Study Abroad Brown Bag
Thursday, April 1  — 12-1, G239 Angell Hall

Summary: Elizabeth Pariano from Romance Languages and Literatures (RLL) gave an overview of how they work with students through the entire process of thinking about, searching for, going on, and returning from an international study program.  She divided her presentation into the Before, During, and After of study abroad and distributed an informational handout that they give to students to assist them in thinking about and finding a program.  She said that the most common referrals made in the Before period were to CGIS and the Education Abroad Office in the International Center.  She described how the department has worked with CGIS on issues of course offerings, evaluation, and approval, and also discussed the more difficult and complicated process that this entails with regard to non-UM programs.  In this connection, Sally Lindsley from Admissions was also present and gave a brief overview of how credit evaluation and course approval work and the procedure by which departments may authorize the transfer and posting of non-UM courses (whether domestic or international).  Jan Afonso also previewed a new version of the online pre-approval evaluation form that students use to submit courses to Credit Evaluation and talked about a new searchable transfer credit database that the College hopes to launch sometime in the Fall. 

Elizabeth showed a CTools site that RLL uses to archive information about many abroad programs and courses equivalencies for use by faculty advisors when they are working with students throughout the process.  She also discussed the challenges of working with students while they are abroad, in particular, if their proposed schedule changes, and the process by which course approvals and major exceptions are entered in the online student file.

Challenges: The main challenges that arose in the discussion were related to informing students about the process and timing of the approval of courses towards specific college-wide, major, or minor requirements (how to reach as many students and in as timely a manner as possible, disabuse them of the assumption that courses will automatically count, and remind them of what materials are necessary for the evaluation and approval of coursework towards specific requirements) and communicating with them while they are abroad.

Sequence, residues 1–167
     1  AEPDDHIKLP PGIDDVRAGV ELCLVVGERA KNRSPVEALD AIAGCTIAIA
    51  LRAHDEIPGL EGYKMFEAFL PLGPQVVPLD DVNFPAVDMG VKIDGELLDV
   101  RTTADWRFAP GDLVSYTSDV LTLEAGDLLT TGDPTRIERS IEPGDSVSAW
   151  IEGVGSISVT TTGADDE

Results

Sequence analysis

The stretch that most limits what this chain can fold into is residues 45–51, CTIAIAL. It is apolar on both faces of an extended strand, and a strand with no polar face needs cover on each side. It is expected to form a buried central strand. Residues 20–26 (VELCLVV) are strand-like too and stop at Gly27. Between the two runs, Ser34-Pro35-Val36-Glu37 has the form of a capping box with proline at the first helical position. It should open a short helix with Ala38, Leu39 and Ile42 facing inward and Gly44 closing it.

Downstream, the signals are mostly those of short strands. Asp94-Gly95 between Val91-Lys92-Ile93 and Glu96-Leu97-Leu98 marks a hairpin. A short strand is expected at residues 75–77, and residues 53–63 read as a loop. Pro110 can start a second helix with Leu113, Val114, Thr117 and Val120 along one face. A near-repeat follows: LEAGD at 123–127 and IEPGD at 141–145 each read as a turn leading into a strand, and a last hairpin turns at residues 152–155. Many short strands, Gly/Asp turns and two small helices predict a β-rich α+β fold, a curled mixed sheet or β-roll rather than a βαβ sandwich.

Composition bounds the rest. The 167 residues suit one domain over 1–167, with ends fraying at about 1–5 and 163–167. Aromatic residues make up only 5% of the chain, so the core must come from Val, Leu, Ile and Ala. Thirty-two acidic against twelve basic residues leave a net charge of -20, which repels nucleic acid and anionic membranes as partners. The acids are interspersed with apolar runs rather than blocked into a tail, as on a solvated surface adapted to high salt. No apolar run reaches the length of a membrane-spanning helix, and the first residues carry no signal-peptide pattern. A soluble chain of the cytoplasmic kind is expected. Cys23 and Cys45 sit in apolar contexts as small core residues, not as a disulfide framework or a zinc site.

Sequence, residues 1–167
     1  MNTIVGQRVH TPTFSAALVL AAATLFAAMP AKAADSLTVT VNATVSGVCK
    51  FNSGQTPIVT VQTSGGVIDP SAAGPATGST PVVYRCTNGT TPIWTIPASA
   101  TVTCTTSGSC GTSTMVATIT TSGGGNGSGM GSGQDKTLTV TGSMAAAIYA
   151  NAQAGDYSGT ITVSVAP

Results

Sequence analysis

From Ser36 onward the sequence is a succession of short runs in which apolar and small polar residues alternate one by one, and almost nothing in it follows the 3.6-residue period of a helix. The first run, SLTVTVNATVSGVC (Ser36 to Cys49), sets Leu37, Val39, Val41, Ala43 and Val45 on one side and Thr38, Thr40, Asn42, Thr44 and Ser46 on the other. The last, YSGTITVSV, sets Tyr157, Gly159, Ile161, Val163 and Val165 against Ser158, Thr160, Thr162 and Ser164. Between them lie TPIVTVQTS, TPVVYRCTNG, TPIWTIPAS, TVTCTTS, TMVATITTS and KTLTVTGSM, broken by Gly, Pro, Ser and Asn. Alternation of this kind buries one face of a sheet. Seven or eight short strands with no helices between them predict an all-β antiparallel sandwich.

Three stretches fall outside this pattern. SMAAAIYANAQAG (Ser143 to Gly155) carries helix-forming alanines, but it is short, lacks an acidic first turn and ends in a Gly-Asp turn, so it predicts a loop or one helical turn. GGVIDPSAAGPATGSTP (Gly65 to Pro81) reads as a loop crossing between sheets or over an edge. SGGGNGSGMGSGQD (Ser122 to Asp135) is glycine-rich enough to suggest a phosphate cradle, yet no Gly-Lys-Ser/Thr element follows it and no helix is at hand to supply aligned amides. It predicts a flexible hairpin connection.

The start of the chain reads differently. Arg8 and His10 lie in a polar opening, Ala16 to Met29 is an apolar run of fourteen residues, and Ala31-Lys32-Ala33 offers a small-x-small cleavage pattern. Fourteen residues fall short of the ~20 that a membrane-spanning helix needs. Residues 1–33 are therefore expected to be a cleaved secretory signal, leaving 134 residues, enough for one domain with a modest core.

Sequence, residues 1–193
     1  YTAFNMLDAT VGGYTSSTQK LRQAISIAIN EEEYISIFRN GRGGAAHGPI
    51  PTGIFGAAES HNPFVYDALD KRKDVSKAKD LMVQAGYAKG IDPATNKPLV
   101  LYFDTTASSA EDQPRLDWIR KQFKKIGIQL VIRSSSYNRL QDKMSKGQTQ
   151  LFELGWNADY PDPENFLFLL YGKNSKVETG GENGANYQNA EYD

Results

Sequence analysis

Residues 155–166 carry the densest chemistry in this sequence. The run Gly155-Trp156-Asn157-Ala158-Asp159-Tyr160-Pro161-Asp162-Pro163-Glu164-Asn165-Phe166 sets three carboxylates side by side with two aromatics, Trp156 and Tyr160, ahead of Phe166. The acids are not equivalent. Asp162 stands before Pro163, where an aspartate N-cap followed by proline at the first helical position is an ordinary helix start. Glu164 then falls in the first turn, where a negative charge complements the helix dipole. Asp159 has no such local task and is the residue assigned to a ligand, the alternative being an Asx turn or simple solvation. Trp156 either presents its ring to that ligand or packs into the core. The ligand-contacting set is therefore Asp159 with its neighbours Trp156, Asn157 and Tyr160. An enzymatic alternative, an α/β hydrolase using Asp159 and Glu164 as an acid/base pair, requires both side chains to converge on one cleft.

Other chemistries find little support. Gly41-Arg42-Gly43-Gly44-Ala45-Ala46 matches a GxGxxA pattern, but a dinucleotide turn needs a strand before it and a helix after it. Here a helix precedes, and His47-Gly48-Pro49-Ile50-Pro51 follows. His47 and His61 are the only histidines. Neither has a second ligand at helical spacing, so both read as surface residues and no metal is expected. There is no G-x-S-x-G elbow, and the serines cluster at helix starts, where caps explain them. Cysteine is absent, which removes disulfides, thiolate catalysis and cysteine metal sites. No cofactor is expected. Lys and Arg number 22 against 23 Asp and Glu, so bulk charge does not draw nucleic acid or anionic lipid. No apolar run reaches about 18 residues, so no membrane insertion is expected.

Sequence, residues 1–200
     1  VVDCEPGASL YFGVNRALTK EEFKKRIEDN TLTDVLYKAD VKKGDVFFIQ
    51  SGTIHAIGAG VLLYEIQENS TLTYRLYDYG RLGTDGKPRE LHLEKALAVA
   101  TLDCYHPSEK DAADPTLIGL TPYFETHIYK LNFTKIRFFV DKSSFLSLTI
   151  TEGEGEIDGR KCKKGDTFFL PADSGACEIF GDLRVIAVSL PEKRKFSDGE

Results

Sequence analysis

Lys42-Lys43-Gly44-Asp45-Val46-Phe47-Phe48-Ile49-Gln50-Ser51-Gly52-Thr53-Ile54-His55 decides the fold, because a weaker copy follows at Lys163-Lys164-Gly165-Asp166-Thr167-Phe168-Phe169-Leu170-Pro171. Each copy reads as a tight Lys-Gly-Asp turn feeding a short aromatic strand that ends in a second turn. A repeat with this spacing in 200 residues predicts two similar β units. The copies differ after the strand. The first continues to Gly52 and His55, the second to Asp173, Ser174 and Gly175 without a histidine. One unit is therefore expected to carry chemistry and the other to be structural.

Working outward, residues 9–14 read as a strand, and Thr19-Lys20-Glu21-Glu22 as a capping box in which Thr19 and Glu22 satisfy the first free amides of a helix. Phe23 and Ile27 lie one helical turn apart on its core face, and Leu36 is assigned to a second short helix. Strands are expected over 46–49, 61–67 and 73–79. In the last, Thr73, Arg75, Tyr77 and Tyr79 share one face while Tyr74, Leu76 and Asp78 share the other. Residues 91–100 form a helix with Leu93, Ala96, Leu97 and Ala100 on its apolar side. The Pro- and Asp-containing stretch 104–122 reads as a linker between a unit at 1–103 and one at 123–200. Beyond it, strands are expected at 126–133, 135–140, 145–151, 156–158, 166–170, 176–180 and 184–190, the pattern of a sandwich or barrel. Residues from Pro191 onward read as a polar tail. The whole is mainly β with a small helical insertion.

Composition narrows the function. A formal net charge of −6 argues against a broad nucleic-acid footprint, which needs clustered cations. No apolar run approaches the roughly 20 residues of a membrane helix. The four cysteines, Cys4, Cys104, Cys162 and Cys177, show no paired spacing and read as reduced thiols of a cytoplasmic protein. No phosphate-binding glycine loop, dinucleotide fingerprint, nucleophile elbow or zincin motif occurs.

Suggestions & Recommendations:

  • Specialize: RLL is considering designating specific faculty advisors as study abroad specialists to which students interested in this would be referred.  This way training could be consolidated and modifications to procedures and information could be communicated to fewer and more appropriate advisors.
  • Present Information consistently and continuously: have a centralized information resource for use by all advisors; make detailed notes in the online student file.
  • Collaboration: Contact CGIS and Credit Evaluation to discuss course offerings, transfer credit, and course approval; consider requesting to attend relevant CGIS program info sessions.
  • Other Considerations:
    • What other means are being used to get basic information to students, e.g., websites, email, newsletters, handouts, group information sessions, etc.?  (See also, Effective Communication With Students Brown Bag.)
    • Experiment with IM or Skype advising with students while they are abroad, bearing in mind time differences.
  • Future Development: This topic obviously far exceeded the time available in a Brown Bag, and there are tentative plans to have a semester-long series on study abroad.


Education Abroad:
Newnan Center Study Abroad site:
Credit Evaluation: Departments should continue to send transfer credit issues, updates, and transfer credit exception permissions to Lynn Pruitt,  For general policy questions about transfer credit, please refer to Sally Lindsley,


Romance Languages and Literatures Study Abroad Site:

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